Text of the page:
id: 06664520
dt: j
an: 2016f.00906
au: Lewis, Robert
ti: Dividing fractions: a pedagogical technique.
so: Aust. Math. Teach. 72, No. 1, 18-19 (2016).
py: 2016
pu: Australian Association of Mathematics Teachers (AAMT), Adelaide, SA
la: EN
cc: F40
ut: fractions; multiplication; mathematical concepts; concept formation
ci:
li:
ab: Summary: When dividing one fraction by a second fraction, invert, that is,
flip the second fraction, then multiply it by the first fraction. To
multiply fractions, simply multiply across the denominators, and
multiply across the numerators to get the resultant fraction. So by
inverting the division of fractions it is turned into an easy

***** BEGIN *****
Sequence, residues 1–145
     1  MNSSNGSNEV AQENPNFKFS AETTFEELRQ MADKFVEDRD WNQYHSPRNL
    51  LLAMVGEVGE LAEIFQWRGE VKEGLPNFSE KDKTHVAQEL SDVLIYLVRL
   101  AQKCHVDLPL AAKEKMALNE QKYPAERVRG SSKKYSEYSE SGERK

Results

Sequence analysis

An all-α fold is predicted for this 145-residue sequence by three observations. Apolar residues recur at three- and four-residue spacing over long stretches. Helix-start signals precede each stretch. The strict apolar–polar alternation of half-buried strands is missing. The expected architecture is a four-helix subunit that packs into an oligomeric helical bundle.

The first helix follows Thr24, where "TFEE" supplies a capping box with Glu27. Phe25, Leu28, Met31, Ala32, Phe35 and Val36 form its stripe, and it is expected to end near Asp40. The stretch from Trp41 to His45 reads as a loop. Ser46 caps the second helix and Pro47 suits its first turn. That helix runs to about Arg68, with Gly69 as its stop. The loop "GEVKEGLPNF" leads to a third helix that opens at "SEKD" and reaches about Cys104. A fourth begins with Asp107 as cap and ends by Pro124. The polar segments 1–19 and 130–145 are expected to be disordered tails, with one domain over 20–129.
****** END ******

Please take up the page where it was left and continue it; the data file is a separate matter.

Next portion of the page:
multiplication of fractions problem. The author received a phone call
from a primary school teacher who was teaching this method to her Year
6 class. She had been asked a question, one that she had never before
been asked. An inquisitive 12 year old was not happy to just accept the
methodology taught; he wanted to know why “flip” the second
fraction over. The author teaches a bridging mathematics course at
university and hardly ever has had anyone ask “why” ‒ why invert
a fraction and then multiply? ‒ so it is not surprising that this
young teacher has not encountered the question before. Knowing why
certain mathematical actions are performed rather than just rote
learning will lead to deep understanding. In practice, the authors
finds that explaining “why” cements that deep understanding. The
author went over two reasons with the colleague and the answers may be
of interest. The two reasons are presented in this article. The first
explanation would be suitable for younger students learning fractions.
(ERIC)
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